Stories about: hypertension

Kids and blood pressure: What every parent should know

hypertension in children

We tend to associate hypertension with older age, but the truth is that anyone can develop high blood pressure — even kids. In fact, pediatric hypertension occurs in 2 to 5 percent of kids and is one of the top five chronic diseases in children, according to the American Academy of Pediatrics. While an elevated blood pressure reading may seem alarming, it isn’t always a sign of a more serious disease. Here’s what every parent should know about blood pressure in kids.

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Double the joy, following heart-lung transplant

Heart lung transplant recipient Nicole with her twin Isabella
Nicole, left, and her twin sister Isabella

Nearly six months following a heart-lung transplant, Nicole Kouri makes a triumphant return to school, alongside her twin sister Isabella. It was a pact she made with her Dad back in August of 2015, while her friends were lying by the pool, soaking up the final days of summer, and Nicole was lying in a bed at Boston Children’s Hospital.

14-year-old Nicole was born with a ventricular septal defect (VSD) — otherwise known as a hole in the heart — and pulmonary hypertension, a serious condition associated with VSD that makes it difficult for blood to flow properly through the lungs.

Being sick was Nicole’s “normal.”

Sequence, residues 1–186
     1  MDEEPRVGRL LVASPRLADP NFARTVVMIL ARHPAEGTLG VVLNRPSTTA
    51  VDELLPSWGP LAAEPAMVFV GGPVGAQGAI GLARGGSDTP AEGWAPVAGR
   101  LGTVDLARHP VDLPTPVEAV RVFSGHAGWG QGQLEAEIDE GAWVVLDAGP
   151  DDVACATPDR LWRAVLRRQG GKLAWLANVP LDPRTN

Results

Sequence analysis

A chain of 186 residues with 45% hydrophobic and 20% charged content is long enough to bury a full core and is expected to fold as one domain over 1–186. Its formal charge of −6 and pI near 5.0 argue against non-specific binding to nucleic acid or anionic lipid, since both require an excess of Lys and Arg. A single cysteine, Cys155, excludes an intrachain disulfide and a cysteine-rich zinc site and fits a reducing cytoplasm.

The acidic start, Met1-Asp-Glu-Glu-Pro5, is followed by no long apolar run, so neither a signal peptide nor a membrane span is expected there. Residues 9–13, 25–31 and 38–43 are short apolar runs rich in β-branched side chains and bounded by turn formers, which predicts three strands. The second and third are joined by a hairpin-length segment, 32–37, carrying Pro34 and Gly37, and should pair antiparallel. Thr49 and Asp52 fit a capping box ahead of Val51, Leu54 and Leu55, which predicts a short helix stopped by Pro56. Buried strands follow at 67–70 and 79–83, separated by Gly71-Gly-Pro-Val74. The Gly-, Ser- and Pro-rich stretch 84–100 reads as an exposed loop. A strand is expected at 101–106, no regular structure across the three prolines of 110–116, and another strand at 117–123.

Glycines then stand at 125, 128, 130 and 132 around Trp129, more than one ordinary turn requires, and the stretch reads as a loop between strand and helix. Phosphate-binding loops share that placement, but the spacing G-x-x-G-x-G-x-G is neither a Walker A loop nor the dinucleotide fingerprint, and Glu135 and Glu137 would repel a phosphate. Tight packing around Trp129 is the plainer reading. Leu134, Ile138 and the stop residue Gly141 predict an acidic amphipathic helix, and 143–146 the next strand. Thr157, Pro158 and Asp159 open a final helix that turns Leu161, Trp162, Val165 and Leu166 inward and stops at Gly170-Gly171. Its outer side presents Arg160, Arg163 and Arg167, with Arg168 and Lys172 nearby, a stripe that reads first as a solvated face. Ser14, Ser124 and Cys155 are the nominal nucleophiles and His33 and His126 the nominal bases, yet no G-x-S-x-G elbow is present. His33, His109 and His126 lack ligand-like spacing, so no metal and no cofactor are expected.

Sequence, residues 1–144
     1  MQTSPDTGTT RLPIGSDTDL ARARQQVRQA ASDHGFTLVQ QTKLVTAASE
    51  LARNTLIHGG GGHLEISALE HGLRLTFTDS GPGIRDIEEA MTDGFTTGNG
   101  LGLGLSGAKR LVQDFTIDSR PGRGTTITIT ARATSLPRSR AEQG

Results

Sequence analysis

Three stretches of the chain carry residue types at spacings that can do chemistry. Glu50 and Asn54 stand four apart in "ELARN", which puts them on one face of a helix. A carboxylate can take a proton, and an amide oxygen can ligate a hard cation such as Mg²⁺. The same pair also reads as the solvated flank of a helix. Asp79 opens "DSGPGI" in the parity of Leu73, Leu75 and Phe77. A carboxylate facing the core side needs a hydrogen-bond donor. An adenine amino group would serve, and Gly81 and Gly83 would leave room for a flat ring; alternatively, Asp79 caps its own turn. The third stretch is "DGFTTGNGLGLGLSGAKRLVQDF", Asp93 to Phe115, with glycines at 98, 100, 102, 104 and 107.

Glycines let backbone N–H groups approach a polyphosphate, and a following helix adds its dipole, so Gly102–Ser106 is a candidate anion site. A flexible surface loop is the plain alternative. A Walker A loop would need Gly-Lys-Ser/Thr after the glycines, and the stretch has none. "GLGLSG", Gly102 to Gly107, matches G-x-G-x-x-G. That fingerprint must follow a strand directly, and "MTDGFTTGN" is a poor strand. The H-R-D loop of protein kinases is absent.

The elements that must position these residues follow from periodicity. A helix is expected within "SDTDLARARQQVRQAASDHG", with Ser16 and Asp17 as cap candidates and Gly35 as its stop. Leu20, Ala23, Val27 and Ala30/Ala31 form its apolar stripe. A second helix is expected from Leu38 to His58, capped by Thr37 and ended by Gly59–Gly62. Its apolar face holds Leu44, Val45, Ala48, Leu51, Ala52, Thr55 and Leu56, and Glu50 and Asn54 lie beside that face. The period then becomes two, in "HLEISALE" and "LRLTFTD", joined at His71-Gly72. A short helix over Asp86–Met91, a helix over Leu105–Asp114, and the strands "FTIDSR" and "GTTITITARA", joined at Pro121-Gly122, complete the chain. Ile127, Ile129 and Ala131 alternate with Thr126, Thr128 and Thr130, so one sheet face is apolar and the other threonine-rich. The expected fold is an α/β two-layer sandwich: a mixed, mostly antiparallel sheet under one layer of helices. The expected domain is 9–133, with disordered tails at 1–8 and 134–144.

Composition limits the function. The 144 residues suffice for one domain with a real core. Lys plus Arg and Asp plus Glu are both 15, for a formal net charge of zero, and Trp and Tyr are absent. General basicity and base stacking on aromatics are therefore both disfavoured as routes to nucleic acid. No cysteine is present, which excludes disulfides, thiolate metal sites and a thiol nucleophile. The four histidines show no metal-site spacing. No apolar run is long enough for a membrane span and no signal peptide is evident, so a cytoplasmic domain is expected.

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Number of American children hospitalized for high blood pressure skyrockets

By Scott Howe

Image: Flickr_parcelbrat

More and more kids are showing up at hospitals with high blood pressure, according to a new study. Kids with high blood pressure are more prone to develop other risk factors and actual heart disease and stroke. If trends continue, this generation may not live as long as their parents.

Research published in the American Heart Association’s journal Hypertension shows that hospital visits for children with high blood pressure doubled between 1996 and 2006. University of Michigan in Ann Arbor researchers looked at hypertension-related health care statistics for U.S. children up to ages 18 or 20 years old over that 10-year period. They found that more than 24,000 kids headed in for treatment during the last year of the study, compared to some 12,000 the first year.

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This week on Thrive: June 21- 25

This week on Thrive:

Is Lady Gaga too much for kids? Michael Rich, MD, MPH, is Children’s media expert. This week he talks about music videos’ influence on kids, specifically Lady Gaga. With catchy choruses and an infectious sound, her music is widely popular, even with younger children, but the thinly-veiled sexuality in her lyrics and videos has some parents concerned.

Working parents, please join the discussion! Claire McCarthy, MD, wrote a Thrive post defending working mothers, in response to a study from the UK linking busy schedules to increased rates of childhood obesity. The post generated a lot of discussion and several readers chimed in with some great advice for raising healthy kids while working full-time. What do you think? Here’s one reader’s reaction:

“Thanks Claire for your well-thought out, well-articulated comments. As a FT working Mom, I agree that there are so many factors that can contribute to our children’s health (or lack of). It’s easier to take one correlation and create a scapegoat rather than take a look at all of the contributors. The societal contributions, especially, often seem too daunting or even impossible to change, so we focus on the scapegoats. We all need to take the appropriate amount of responsibility (no more for those already swimming in Mommy guilt and no less for government officials who don’t provide enough funding for all schools to have healthy options and plenty of exercise) and each do our part.” -Michele

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